In the comment section of my post about Vancouver’s transit referendum, a reader suggested I take a look at an article by Peter McMartin called, The real Vancouver emerges (from the ruins of the plebiscite).
McMartin’s argument is basically that Vancouverism – the name given to the city’s progressive architecture and planning approach – isn’t as widespread as it might seem. The reality is that Vancouver, much like Toronto and other cities, is divided.
“Vancouverism might be a reality for two or three neighbourhoods huddling in the downtown, and that greener, more progressive ethos might hold sway in one or two more.
But Vancouver — and I speak of it in the metro sense — is the sum of its parts, and most of its parts are suburban in their sensibilities, and that includes not just all of the suburbs but most of the neighbourhoods in the City of Vancouver proper.
They’re resistant to change. They abhor densification. They’re conventional in their sensibilities and they’re highly dependent on the automobile. More importantly, they’re not just dependent on the automobile, they prefer it.”
Here in Toronto, we know our city is divided. And many people see it as evidence that amalgamating the city in 1998 was a big mistake. The inner suburbs are holding back old Toronto and elitist old Toronto just doesn’t understand the priorities of the inner suburbs.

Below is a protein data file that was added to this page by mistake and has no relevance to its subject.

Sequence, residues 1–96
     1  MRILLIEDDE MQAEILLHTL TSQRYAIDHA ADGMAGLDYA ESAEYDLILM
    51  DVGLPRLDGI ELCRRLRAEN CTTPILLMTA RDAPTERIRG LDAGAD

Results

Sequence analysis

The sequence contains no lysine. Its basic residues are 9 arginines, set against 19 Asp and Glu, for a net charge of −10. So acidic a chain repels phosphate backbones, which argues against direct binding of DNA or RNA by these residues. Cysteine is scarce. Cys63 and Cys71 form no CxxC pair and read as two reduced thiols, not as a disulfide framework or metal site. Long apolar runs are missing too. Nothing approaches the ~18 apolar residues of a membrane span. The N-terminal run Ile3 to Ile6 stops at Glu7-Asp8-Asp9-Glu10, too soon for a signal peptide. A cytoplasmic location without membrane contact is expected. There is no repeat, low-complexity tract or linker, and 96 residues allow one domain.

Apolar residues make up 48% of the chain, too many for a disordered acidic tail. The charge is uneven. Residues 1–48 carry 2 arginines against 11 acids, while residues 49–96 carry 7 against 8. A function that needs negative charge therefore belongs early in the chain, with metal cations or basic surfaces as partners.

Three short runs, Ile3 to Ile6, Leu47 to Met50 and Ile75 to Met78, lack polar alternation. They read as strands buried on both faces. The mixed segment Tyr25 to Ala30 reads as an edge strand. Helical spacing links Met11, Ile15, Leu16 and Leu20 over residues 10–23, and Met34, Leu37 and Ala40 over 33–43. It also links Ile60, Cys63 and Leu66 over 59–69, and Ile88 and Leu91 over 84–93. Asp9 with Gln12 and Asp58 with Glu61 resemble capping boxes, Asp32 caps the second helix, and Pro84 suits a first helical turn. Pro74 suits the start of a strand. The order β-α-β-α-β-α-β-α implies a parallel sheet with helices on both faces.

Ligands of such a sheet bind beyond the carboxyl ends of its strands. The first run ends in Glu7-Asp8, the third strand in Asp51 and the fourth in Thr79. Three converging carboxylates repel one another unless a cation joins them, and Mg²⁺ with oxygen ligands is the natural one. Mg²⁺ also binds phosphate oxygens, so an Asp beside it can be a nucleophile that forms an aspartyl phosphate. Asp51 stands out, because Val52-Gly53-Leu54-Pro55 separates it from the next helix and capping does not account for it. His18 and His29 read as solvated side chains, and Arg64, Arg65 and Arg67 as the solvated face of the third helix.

But I’m not convinced that amalgamation is to blame.
Most cities have long histories of amalgamating adjacent towns, villages, and cities, and I suspect that there was opposition all along the way. At what point is amalgamation acceptable and and what point is it problematic?
The anti-amalgamation camp here in Toronto seems to believe that it would have allowed old Toronto to continue doing what it wants to do and allowed the inner suburbs to do what they want to do.
But this to me feels parochial.
Our cities need to think bigger than that. We need to think as cohesive urban regions. And as Vancouver demonstrated this past week, that’s not always easy. But I don’t think the answer is to just think smaller and ignore the people whose views don’t match our own.
Interestingly enough, what a lot of this comes down to, I think, is built form.
Because different kinds of built form will encourage and often mandate different kinds of transportation choices. And how you get around a city will inform a big part of what you value and what you vote for.
Over time though, I believe that we will see built form start to level out across our city regions through continued intensification. Many people won’t be happy about this change. But it is likely that it will end up creating more cohesive cities.
Built form is no small thing.